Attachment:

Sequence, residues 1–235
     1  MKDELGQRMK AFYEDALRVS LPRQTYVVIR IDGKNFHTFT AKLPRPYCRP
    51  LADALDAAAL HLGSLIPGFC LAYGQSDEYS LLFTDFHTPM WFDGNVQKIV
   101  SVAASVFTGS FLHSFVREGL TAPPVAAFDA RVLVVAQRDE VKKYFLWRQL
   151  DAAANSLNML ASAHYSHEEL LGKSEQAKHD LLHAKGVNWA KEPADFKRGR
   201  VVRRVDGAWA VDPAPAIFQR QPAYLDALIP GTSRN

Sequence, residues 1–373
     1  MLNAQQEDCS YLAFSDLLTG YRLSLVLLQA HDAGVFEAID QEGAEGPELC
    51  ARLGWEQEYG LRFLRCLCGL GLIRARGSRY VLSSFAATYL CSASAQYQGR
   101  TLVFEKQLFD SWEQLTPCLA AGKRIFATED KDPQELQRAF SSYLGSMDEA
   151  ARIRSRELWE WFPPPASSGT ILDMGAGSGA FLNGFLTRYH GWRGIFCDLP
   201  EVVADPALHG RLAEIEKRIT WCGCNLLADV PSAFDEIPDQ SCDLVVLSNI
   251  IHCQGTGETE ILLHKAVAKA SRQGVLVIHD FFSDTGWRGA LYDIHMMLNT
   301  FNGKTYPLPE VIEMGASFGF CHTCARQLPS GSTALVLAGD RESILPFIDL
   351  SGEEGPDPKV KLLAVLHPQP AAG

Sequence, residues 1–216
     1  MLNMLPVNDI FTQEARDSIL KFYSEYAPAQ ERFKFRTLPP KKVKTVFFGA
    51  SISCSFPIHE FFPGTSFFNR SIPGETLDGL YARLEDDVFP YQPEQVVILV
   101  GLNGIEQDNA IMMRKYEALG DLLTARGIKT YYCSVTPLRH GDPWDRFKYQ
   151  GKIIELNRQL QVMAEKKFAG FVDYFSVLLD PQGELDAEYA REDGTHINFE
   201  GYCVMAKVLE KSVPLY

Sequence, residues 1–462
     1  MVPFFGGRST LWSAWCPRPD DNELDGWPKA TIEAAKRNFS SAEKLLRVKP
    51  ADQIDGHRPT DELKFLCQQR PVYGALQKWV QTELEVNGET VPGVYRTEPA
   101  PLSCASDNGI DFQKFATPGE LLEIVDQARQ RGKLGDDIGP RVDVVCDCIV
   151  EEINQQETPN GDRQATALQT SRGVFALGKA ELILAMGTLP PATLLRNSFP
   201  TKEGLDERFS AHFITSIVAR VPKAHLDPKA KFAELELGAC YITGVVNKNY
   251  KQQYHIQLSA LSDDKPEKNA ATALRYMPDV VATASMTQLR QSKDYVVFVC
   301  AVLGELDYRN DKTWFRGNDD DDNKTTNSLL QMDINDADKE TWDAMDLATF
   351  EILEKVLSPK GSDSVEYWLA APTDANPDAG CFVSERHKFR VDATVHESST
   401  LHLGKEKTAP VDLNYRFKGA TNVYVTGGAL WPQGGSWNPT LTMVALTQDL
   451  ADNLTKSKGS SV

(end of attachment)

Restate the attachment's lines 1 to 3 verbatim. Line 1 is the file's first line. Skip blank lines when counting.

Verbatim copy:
Sequence, residues 1–235
     1  MKDELGQRMK AFYEDALRVS LPRQTYVVIR IDGKNFHTFT AKLPRPYCRP
    51  LADALDAAAL HLGSLIPGFC LAYGQSDEYS LLFTDFHTPM WFDGNVQKIV